Best printer 2022: The best inkjet and laser printers to buy

Best printer 2022: The best inkjet and laser printers to buy

From crisp black text to brilliant photos, we’ve got the inkjet and laser printers that can do it all

The problem with definitively choosing the best printer on the market is that there are so many things to consider. Is it best to go with an inkjet or laser printer? Cartridges or refillable tanks? Do you need a multifunction printer (MFP) that also scans and copies, or are you after something that just prints? How much do you need to spend?

Yet a printer remains essential, whether for business or the home. That’s why we’ve pulled together a new roundup covering the best printers from the leading brands, so you’ll know which model will be the best fit for your specific needs.

These recommendations come from hours of rigorous hands-on testing, so we know what we’re talking about. Look below and you’ll find guidance on everything from the different types of printers to the major functions and features, to help you work out what you need and what you’re not prepared to pay the extra for.

The best printers still in stock

UPDATE: Printers are in short supply and high demand at the moment. While we wait for stock to slowly recover, we’ve created this list of the products on our roundup that are still available to buy. We’ll be updating this list as often as we can.

How to choose the best printer for you

What’s the difference between laser and inkjet printers?

Inkjets create prints by placing thousands of tiny dots over every inch of the page. Printers with higher resolutions – measured in dots per inch (dpi) – can place more dots on the page.

As their print heads usually need to move about to cover the page, inkjet printers tend to be slower than lasers. Also, because the ink takes a second or two to dry, they might be slower still when duplex (double-sided) printing.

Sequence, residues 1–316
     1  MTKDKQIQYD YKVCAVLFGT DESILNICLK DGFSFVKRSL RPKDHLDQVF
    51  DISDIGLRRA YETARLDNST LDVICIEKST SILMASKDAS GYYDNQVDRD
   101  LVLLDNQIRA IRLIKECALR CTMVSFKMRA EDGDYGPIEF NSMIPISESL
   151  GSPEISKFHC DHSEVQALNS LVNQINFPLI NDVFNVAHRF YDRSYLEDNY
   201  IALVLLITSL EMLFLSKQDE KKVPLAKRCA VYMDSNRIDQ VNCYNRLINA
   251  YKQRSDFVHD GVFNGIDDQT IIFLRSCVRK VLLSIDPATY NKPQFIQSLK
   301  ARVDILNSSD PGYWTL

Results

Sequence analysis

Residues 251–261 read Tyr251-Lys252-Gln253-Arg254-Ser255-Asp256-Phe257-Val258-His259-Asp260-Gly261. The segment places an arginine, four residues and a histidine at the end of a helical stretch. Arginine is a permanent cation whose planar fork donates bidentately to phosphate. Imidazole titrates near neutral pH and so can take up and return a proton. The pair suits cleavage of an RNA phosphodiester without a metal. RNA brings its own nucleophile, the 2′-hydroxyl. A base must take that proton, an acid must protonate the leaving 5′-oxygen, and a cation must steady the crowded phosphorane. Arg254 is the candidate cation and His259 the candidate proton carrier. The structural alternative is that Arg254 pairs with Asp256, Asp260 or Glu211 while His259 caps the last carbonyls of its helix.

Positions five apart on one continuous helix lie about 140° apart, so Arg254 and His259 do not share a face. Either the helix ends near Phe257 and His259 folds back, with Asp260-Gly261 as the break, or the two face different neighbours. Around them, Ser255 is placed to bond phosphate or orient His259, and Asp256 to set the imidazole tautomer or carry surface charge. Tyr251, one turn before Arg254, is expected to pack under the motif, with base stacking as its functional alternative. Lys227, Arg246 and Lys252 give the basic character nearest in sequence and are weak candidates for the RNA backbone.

Laser printers work by negatively charging a light-sensitive surface called an optical photoconductor (OPC) drum. A laser then “draws” an image of the page to be printed onto the surface of the drum, discharging the areas it hits.

Negatively charged toner is then released on to the surface of the drum. This is attracted to the discharged areas drawn by the laser and repelled by the negatively charged background. A positively charged sheet of paper is passed over the drum, and the toner is transferred. This process occurs on all four drums – for cyan, magenta, yellow and black – to make up the final colour image. Finally, the paper is heated by a fuser, which melts the toner to the page.

A laser printer used to be the only option for fast, high-quality document printing, but in the last few years, office-focused inkjets have started running them close for speed and quality. Despite popular belief, inkjets are often cheaper to run than their laser equivalents, too. But inkjets can suffer from blocked nozzles if you don’t use them often and flushing them out wastes ink: if you tend to go weeks without printing, you’re still better off with a laser printer.